Share Email Print
cover

Proceedings Paper

Acoustic metamaterial structures based on multi-frequency vibration absorbers
Author(s): P. Frank Pai; Hao Peng
Format Member Price Non-Member Price
PDF $14.40 $18.00
cover GOOD NEWS! Your organization subscribes to the SPIE Digital Library. You may be able to download this paper for free. Check Access

Paper Abstract

This paper presents a new metamaterial beam based on multi-frequency vibration absorbers for broadband vibration absorption. The proposed metamaterial beam consists of a uniform isotropic beam and small two-mass spring-mass- damper subsystems at many locations along the beam to act as multi-frequency vibration absorbers. For an infinite metamaterial beam, governing equations of a unit cell are derived using the extended Hamilton principle. The existence of two stopbands is demonstrated using a model based on averaging material properties over a cell length and a model based on finite element modeling and the Bloch-Floquet theory for periodic structures. For a finite metamaterial beam, because these two idealized models cannot be used for finite beams and/or elastic waves having short wavelengths, a finite-element method is used for detailed modeling and analysis. The concepts of negative effective mass and effective stiffness and how the spring-mass-damper subsystem creates two stopbands are explained in detail. Numerical simulations reveal that the actual working mechanism of the proposed metamaterial beam is based on the concept of conventional mechanical vibration absorbers. For an incoming wave with a frequency in one of the two stopbands, the absorbers are excited to vibrate in their optical modes to create shear forces to straighten the beam and stop the wave propagation. For an incoming wave with a frequency outside of but between the two stopbands, it can be efficiently damped out by the damper with the second mass of each absorber. Hence, the two stopbands are connected into a wide stopband. Numerical examples validate the concept and show that the structure’s boundary conditions do not have significant influence on the absorption of high-frequency waves. However, for absorption of low-frequency waves, the structure’s boundary conditions and resonance frequencies and the location and spatial distribution of absorbers need to be considered in design, and it is better to use heavier masses for absorbers.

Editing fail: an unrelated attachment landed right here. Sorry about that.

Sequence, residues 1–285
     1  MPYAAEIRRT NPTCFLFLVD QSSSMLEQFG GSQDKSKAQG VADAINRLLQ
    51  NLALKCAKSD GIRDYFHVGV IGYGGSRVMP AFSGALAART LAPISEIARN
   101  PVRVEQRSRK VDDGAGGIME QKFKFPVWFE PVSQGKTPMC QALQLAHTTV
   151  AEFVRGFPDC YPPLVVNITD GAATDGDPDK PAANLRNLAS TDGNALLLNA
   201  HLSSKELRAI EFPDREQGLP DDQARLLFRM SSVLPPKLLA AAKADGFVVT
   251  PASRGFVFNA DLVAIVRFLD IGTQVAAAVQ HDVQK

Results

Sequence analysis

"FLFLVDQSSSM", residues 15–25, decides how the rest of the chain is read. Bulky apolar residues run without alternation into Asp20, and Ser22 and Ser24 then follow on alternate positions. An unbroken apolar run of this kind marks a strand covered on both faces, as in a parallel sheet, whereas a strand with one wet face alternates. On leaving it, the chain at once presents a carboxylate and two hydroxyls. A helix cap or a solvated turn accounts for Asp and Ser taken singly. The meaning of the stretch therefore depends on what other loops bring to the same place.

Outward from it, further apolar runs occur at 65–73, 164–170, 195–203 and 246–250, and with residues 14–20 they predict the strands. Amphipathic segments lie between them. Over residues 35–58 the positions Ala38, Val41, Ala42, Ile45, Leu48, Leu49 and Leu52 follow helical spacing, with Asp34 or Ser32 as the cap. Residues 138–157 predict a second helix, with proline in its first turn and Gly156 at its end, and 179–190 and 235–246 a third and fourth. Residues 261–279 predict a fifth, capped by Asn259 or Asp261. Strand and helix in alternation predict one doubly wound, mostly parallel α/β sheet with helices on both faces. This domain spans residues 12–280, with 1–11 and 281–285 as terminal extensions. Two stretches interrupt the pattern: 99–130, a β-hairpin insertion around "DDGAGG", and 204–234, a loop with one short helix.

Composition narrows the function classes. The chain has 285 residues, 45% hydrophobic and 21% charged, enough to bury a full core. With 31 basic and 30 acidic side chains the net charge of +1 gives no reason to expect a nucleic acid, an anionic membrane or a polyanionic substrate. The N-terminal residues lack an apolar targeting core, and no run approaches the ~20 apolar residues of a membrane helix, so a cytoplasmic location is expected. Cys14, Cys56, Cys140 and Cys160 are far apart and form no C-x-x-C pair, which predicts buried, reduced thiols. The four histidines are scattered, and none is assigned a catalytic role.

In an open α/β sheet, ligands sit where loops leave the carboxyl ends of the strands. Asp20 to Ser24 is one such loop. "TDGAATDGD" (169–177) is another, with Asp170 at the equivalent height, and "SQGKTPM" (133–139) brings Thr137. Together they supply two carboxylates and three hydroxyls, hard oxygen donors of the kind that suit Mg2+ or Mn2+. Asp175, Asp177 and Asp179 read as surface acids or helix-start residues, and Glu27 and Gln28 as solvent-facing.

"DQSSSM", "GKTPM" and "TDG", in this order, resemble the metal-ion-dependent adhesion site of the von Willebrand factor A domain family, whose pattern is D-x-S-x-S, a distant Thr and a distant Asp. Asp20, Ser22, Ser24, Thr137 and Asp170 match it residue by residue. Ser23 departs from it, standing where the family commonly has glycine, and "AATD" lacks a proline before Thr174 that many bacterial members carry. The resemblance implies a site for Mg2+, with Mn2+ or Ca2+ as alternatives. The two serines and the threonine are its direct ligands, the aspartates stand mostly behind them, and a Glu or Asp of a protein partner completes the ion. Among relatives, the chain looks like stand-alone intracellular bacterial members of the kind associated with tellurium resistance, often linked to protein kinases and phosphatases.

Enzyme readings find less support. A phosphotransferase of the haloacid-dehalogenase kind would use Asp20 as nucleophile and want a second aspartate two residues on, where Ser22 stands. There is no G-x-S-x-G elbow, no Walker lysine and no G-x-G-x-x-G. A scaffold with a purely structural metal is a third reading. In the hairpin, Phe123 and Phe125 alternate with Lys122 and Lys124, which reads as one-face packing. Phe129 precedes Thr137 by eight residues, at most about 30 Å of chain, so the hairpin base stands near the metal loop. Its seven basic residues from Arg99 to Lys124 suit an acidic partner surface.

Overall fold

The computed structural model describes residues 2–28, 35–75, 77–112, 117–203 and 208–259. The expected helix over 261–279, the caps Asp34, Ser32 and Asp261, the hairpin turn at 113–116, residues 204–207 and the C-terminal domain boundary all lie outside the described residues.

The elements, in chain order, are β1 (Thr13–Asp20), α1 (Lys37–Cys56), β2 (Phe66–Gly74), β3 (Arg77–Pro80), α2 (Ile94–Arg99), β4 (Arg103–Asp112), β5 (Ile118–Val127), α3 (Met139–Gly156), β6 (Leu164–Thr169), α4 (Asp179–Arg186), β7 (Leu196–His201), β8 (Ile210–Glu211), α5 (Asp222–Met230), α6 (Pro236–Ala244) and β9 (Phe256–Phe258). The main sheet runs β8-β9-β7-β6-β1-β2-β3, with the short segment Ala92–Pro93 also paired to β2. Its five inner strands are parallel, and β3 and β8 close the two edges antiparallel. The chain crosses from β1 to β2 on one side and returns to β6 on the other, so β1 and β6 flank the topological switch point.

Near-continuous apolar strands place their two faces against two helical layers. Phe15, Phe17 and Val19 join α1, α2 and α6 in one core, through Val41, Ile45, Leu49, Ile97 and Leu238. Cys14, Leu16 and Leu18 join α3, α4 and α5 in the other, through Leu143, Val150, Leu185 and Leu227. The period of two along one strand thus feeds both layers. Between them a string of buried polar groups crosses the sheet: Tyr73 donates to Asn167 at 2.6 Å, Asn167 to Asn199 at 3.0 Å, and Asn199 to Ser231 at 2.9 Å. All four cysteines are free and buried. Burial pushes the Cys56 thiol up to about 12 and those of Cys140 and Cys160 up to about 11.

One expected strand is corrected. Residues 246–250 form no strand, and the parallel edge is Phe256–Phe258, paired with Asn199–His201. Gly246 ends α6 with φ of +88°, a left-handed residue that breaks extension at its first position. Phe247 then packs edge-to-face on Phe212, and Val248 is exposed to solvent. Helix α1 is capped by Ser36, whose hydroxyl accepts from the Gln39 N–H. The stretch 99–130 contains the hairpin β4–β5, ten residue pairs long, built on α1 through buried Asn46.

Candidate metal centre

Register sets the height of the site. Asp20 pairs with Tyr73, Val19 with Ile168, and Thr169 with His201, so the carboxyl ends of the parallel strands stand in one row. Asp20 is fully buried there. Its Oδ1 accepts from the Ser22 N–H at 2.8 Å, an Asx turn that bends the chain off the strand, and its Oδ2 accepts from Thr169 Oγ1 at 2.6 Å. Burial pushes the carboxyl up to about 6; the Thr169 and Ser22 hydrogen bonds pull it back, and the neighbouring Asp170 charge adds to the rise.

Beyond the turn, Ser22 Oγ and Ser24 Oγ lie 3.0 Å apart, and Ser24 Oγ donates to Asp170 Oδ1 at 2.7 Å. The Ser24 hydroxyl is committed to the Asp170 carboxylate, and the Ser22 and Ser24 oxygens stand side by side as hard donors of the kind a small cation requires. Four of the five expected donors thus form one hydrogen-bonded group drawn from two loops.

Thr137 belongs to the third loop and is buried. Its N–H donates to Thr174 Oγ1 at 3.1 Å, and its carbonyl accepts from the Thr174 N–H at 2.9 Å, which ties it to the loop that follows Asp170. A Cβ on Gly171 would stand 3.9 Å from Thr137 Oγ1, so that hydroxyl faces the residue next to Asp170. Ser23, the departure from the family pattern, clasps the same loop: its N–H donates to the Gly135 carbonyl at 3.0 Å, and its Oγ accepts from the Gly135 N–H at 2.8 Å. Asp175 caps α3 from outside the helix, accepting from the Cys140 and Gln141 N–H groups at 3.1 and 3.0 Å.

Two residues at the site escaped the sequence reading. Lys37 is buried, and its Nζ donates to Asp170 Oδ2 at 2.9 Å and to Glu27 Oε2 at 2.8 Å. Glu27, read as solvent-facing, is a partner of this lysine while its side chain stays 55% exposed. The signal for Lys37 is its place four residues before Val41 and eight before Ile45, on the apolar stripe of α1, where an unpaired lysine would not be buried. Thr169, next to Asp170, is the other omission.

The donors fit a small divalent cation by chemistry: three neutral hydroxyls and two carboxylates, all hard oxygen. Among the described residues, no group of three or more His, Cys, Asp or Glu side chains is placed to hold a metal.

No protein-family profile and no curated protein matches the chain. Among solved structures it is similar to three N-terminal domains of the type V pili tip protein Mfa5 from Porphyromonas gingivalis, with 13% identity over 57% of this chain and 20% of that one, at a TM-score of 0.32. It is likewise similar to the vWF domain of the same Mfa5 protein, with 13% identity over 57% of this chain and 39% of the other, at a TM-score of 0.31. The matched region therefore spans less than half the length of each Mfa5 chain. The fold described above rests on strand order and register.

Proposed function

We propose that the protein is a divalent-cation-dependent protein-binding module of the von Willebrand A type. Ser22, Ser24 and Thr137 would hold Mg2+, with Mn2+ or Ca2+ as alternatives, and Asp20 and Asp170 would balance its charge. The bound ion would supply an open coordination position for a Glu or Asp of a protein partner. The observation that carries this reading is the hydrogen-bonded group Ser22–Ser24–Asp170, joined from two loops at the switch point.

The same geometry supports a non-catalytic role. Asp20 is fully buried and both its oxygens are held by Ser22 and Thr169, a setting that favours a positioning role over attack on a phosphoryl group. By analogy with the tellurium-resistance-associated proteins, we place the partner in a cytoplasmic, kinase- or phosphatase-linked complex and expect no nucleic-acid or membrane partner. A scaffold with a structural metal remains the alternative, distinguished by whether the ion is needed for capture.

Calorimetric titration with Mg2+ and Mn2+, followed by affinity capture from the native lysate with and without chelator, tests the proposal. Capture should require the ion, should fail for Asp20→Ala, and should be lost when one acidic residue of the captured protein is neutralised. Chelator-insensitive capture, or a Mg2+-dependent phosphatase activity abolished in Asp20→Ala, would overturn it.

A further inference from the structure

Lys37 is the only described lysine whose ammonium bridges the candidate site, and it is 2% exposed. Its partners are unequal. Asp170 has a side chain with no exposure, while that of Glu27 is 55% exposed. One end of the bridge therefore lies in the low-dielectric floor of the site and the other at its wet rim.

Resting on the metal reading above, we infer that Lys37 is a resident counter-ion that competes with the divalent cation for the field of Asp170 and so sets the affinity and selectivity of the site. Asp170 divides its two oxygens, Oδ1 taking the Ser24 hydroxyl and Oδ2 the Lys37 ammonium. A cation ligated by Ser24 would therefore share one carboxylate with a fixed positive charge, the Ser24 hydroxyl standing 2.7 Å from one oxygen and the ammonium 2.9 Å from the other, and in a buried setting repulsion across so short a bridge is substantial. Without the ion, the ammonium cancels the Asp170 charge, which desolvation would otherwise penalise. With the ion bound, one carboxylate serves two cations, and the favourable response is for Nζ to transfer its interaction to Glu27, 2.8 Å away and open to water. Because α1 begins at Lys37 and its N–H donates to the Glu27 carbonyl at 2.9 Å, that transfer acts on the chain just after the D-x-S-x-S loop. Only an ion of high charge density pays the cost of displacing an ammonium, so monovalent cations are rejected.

Paper Details

Date Published: 9 March 2014
PDF: 21 pages
Proc. SPIE 9064, Health Monitoring of Structural and Biological Systems 2014, 90641X (9 March 2014); doi: 10.1117/12.2045061
Show Author Affiliations
P. Frank Pai, Univ. of Missouri-Columbia (United States)
Hao Peng, Univ. of Missouri-Columbia (United States)


Published in SPIE Proceedings Vol. 9064:
Health Monitoring of Structural and Biological Systems 2014
Tribikram Kundu, Editor(s)

© SPIE. Terms of Use
Back to Top